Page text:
3. Engaved Roller Printing

    Engraved roller printing is an industrial method for large print runs; metal rollers are engraved with a pattern and dye reservoirs apply the color as needed. As in screen printing, a roller is needed for each color; the method is therefore too expensive for short runs of fabric, but it can be very cost-effective for large print runs as hundreds of metres can be printed per minute.

  4. Transfer Printing

    Transfer dyes are applied to paper and then heat transferred to the fabric. You can do this with transfer paints and an iron. These chemical transfer dyes are beter suited to synthetic fabrics, on which they give a better depth of colour.

  5. Stencilling

    Stencils are made from card or acetage; the pattern is cut out and then the dye is sponged or brushed into the cut-out areas. Each stencil can be used several times. Today many stencils are made using computerised cutting machines for more accuracy than hand-cut stencils.

  6. Digital Printing

    A design can be made on the computer using computer-aided design (CAD) packages and then either transferred on to paper (sublimation paper), which can be transferred to the fabric with heat, or it can be directly printed on to the fabric using a textile printer and then steam heated to fix the design. In direct printing the fabric may need to be thickened using a special chemical agent, which can be washed out afterwards, to help it feed through the printer.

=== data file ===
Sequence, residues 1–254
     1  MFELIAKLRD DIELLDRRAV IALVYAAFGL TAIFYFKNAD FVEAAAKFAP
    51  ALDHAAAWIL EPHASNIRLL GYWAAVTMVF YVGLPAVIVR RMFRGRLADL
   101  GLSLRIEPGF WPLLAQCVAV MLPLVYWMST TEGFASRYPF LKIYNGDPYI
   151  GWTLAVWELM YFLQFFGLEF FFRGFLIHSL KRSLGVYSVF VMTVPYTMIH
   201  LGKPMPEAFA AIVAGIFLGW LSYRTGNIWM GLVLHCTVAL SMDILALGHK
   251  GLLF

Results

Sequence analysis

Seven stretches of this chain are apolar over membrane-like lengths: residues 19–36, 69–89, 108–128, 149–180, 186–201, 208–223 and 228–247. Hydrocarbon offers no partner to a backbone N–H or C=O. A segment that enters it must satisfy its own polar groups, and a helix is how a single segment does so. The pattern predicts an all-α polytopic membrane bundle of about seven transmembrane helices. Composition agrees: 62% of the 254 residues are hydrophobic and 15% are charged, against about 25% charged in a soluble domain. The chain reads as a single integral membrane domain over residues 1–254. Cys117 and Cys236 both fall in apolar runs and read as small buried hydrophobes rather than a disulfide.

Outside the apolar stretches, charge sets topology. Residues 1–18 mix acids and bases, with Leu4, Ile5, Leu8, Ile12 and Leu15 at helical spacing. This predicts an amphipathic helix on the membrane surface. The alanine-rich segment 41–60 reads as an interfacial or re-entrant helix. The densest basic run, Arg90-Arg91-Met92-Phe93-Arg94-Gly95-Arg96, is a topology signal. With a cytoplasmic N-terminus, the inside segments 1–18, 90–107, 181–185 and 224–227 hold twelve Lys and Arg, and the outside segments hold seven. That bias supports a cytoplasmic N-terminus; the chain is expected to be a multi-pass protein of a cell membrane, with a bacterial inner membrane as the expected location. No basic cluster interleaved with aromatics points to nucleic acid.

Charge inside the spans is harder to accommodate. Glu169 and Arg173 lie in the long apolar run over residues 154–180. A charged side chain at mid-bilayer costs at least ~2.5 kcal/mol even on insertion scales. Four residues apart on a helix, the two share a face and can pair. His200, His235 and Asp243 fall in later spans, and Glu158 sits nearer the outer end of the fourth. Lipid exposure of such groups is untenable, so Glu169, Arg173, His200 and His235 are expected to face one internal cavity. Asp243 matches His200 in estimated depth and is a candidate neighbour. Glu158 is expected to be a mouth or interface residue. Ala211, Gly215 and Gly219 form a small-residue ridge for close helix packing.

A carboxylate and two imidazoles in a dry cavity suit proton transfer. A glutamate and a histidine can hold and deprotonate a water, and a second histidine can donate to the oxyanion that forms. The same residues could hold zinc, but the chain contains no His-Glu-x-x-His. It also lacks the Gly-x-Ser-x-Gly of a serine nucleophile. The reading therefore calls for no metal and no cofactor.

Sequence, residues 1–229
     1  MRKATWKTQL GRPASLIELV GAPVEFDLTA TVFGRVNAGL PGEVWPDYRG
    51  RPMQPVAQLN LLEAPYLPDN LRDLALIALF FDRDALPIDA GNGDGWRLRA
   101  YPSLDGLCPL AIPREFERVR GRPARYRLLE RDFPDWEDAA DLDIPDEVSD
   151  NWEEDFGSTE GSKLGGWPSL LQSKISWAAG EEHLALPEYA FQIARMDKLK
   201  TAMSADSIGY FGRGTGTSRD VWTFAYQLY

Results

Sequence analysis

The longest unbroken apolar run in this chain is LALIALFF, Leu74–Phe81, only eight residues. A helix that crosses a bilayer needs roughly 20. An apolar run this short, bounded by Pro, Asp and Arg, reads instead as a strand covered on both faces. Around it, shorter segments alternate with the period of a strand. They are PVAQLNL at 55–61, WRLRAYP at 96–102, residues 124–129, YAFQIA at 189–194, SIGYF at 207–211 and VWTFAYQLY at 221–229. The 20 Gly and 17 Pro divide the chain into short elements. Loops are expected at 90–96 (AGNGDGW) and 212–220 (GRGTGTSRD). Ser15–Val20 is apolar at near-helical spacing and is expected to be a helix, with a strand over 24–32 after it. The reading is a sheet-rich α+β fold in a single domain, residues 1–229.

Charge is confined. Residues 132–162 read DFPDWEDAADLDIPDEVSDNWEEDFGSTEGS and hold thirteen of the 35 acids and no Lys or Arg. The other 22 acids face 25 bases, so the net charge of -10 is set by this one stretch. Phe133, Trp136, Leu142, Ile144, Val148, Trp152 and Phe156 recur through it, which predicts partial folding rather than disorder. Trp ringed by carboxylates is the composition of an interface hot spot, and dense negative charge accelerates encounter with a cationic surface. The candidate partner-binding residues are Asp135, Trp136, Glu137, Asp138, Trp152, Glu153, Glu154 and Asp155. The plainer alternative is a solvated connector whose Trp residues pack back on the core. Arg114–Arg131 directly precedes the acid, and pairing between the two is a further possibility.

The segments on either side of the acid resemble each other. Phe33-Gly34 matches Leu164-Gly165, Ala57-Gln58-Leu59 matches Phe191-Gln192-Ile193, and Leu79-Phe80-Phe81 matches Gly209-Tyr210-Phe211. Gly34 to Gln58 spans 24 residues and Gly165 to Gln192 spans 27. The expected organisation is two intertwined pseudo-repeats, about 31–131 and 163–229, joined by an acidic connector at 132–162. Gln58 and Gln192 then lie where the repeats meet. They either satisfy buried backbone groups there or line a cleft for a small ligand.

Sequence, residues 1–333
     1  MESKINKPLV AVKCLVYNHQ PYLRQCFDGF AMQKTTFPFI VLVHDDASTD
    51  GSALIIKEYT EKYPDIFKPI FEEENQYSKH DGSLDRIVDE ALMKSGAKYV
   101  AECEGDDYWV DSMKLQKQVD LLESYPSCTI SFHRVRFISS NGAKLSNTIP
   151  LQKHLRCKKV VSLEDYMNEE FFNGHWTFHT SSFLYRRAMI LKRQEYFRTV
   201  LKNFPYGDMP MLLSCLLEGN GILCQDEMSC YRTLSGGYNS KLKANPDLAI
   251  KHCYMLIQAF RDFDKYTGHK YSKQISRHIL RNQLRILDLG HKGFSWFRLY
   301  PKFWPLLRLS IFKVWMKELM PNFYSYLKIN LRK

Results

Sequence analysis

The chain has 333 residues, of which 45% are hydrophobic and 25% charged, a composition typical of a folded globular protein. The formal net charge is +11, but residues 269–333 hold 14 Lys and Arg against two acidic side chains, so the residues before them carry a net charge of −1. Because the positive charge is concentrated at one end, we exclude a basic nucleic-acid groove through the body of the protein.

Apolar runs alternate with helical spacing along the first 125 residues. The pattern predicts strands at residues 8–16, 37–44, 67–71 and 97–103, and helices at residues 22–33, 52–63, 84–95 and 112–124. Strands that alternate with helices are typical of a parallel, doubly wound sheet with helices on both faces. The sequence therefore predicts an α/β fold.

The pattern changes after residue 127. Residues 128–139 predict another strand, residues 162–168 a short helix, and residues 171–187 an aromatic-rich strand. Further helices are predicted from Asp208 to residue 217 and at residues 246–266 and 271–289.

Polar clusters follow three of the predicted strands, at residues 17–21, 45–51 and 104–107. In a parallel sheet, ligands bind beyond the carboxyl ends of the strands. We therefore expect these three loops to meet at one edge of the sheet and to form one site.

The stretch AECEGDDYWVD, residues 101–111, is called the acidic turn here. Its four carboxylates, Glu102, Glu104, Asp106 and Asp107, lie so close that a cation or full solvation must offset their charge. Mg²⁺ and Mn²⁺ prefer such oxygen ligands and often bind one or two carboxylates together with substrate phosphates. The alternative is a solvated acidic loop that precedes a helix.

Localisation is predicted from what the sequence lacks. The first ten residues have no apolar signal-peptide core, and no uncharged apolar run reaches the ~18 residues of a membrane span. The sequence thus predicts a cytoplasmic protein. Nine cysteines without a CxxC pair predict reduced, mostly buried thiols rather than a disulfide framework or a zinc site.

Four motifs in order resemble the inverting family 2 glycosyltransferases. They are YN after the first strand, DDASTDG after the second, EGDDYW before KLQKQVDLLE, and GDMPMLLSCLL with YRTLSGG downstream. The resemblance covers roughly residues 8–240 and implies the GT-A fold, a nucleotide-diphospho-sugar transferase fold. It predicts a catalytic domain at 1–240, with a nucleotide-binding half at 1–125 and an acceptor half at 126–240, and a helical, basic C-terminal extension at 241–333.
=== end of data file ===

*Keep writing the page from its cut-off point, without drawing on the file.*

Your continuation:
7. Rotary screen printing

    Rotary screen printing uses seamless cylindrical screens made of metal foil. The machine uses a rotary screen for each colour. As the fabric is fed under uniform tension into the printer section of the machine, its back is usually coated with an adhesive which causes it to adhere to a conveyor printing blanket. Some machines use other methods for gripping the fabric. The fabric passes under the rotating screen through which the printing paste is automatically pumped from pressure tanks. A squeegee in each rotary screen forces the paste through the screen onto the fabric as it moves along (Corbman, 1975). The fabric then passes to a drying oven.

  8. Direct printing